Did you know that the Amish are changing how they light up their homes?
That’s right. They are modernizing at last, but perhaps not in the way you think.
Let me start by saying that, while I’m not a gambling person, if I were, I’d bet that one of the first things (behind horses and buggies) that you think of when asked to describe the Amish is that they do not use electricity.
Am I right? 🙂
Years ago, when I first began staying on the Amish farms, one of the things I really loved was how, after the sun set, they illuminated their houses. Back then, it was with kerosene lanterns and sometimes propane ones, especially in the larger rooms. Those lanterns were absolutely the neatest. The light was so bright that you simply dare not look at it directly. And they made a hissing noise.
Today, more and more Amish families are turning to LED lights that run on batteries. Frankly, I find this disappointing. There’s something about a battery-operated light that just doesn’t feel Amish-y to me. Most of those lights look like regular lights. They certainly don’t feel old-fashioned.
The fact that the Amish are changing worries me that other things might change, too. I remember when most church districts did not permit the women to wear black sneakers. They wore shoes. Black shoes. And, to be perfectly honest, they were really pretty.
Full disclosure: I’m not a sneaker person. I am, however, a boot person. And a shoe person, I suppose, although on our thirty-acre ranch in Archer (aka T.A.R.A.), I basically wear cowboy boots. I definitely do not have a pair of sneakers in this house. Maybe in New Jersey…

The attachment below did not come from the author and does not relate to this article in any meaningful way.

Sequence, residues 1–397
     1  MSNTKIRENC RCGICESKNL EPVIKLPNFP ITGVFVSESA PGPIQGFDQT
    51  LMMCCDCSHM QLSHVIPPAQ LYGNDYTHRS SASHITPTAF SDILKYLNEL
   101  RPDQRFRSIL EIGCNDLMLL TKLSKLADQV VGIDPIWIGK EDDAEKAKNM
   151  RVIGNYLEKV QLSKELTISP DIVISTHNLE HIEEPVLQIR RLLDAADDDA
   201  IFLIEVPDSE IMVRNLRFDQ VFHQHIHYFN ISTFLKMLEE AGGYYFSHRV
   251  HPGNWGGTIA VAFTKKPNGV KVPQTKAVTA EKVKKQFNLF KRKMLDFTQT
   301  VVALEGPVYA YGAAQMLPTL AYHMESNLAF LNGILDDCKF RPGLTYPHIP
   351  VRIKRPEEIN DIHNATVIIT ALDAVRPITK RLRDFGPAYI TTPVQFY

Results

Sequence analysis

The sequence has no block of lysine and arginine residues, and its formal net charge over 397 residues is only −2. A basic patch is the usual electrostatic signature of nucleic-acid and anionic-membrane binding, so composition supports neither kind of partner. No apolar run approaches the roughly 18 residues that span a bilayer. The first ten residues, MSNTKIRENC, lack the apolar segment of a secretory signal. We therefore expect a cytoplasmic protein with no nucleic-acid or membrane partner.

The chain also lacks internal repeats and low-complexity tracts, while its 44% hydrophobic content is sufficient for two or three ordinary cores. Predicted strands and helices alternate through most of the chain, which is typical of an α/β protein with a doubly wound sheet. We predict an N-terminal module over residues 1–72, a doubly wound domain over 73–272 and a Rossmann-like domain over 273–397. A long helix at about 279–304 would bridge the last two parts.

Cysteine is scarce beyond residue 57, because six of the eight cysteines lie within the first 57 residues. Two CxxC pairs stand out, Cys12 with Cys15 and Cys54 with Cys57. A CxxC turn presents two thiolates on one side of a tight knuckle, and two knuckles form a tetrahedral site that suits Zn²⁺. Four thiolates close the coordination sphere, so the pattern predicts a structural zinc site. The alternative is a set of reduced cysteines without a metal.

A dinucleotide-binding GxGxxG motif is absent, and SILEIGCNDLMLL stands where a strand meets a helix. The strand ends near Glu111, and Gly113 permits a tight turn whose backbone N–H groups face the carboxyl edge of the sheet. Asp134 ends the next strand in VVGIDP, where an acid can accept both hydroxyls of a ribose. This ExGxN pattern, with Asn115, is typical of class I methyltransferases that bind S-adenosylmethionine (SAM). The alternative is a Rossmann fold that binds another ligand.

Then came cell phones which, believe it or not, is basically a staple in the lives of the younger (non-baptized) Amish and the business professionals.
What’s next? I’d sink into a terrible state if Amish began driving cars instead of buggies. Or if bishops permitted clothes dryers and the beautiful lines of pretty dresses and dark pants disappeared from the landscape.
Of course, with the lights, there is a safety factor in switching from kerosene and propane to the battery-operated lights. I know this personally because I have so many of those kerosene lights and even one of the hissing lights…and I never use them.
Yes, that’s correct. I don’t use them because of my cockatoo. I’m petrified that she would knock it over and start a fire or break it and then drink the liquid (she’s cute but not always the brightest lightbulb in the pack…pun intended).
Still, it just doesn’t feel right. There is no flicker or dancing shadows on the walls. There is no hissing noise coming from the lanterns. It’s just so modern and I suppose that’s the one thing I don’t want the Amish to change: their aversion to modern life.
But, like everything else, eventually they will change enough bits and pieces that the life they live today will seem terribly old fashioned, with or without those LED lights.
Sarah Price is the author of the Plain Fame series and the Amish of Ephrata series, among other books. She comes from a long line of devout Mennonites, and her writing reflects accurate and authentic stories based upon her own experiences with several Amish communities. Visit her at sarahpriceauthor.com and on Facebook.